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My Aunt Sally was diagnosed with Sjögren’s at 40 years old. Her grandmother—my great grandmother—also had Sjögren’s, but there were fewer ways to treat the disease back then. Sally tells me she feels lucky in that respect.
Sjögren’s is a systemic autoimmune disease that affects the healthy cells that produce tears and saliva—and consequently, the entire body. Along with symptoms of extensive dryness, other complications include chronic pain, fatigue, major organ involvement, neuropathies and lymphomas.
Because all symptoms are not always present at the same time and involve several body systems, symptoms may be diagnosed individually, and care teams don’t always recognize that a systemic disease is present. That’s why the sharing of complete and current clinical intelligence and patient histories between specialists and primaries is an important part of comprehensive treatment for this lesser-known autoimmune disease, one that is often intertwined with lupus and rheumatoid arthritis.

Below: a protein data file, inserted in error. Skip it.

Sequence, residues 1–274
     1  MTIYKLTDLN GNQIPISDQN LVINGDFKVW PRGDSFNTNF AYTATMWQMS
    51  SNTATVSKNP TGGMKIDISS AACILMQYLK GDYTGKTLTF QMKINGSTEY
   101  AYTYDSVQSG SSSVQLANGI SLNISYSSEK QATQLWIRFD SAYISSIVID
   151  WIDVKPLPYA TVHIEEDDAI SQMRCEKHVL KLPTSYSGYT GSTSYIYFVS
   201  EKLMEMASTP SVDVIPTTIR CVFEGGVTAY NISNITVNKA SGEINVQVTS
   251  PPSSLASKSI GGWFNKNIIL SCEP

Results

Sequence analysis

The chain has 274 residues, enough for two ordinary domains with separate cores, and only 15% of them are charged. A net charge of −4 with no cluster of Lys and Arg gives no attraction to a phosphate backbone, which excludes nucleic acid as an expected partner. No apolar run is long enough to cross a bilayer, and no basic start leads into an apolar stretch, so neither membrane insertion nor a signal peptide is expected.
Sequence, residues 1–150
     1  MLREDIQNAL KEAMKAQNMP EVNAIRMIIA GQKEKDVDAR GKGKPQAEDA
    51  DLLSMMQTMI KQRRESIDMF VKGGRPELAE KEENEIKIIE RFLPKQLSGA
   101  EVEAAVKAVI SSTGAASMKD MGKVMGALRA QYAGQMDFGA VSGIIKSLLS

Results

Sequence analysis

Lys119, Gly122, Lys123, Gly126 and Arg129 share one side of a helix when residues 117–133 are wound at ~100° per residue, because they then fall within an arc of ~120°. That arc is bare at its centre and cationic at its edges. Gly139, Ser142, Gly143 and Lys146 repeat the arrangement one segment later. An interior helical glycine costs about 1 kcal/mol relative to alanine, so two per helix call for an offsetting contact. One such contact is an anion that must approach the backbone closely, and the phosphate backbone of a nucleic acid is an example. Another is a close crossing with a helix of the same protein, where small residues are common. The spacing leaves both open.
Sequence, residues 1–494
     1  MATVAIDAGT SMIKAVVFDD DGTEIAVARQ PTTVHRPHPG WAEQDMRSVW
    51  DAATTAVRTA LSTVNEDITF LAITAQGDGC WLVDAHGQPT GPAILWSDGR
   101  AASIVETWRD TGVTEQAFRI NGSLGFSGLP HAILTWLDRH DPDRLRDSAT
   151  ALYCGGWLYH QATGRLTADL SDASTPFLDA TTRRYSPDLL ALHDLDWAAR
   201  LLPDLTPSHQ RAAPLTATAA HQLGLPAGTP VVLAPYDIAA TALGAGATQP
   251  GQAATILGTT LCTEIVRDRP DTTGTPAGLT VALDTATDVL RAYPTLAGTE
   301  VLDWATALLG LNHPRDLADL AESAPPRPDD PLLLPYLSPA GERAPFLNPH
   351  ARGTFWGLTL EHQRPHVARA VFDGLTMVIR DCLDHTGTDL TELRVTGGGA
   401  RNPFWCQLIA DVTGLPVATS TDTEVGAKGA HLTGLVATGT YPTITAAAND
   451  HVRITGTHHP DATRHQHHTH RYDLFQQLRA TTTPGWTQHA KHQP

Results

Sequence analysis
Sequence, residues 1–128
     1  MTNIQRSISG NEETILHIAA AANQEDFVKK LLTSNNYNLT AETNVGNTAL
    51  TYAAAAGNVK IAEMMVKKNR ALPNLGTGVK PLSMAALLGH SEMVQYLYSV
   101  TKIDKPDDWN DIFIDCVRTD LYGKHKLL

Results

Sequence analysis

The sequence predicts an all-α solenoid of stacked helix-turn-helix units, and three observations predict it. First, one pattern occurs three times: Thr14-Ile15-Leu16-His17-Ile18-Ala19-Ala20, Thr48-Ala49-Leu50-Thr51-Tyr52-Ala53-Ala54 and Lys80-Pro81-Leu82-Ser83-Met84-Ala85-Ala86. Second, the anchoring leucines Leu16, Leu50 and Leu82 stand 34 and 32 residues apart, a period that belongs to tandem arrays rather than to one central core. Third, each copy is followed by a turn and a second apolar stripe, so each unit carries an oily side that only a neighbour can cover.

In fact, my Aunt Sally has shared with me that her Sjogren's has a lot of ailments that go with it, like fibromyalgia.
"The typical Sjögren’s patient sees an average of 4-5 different healthcare providers per year,” said Michele Champigny, who is the Vice President of Patient Services and Education at the Sjögren’s Foundation and worked with colleagues to answer some of my questions. “Many patients also need specialists to treat the wide array of symptoms and complications they might experience, including a gastroenterologist, neurologist, nephrologist, pulmonologist, dermatologist, gynecologist and more.”
Failures of care coordination and information about effective treatments have impacted Sally and many others who have this disease. For example, Sally didn’t know there was an eye drop available that worked better for people with Sjögren’s until her dentist told her about it. (Her Sjögren’s affects even her teeth).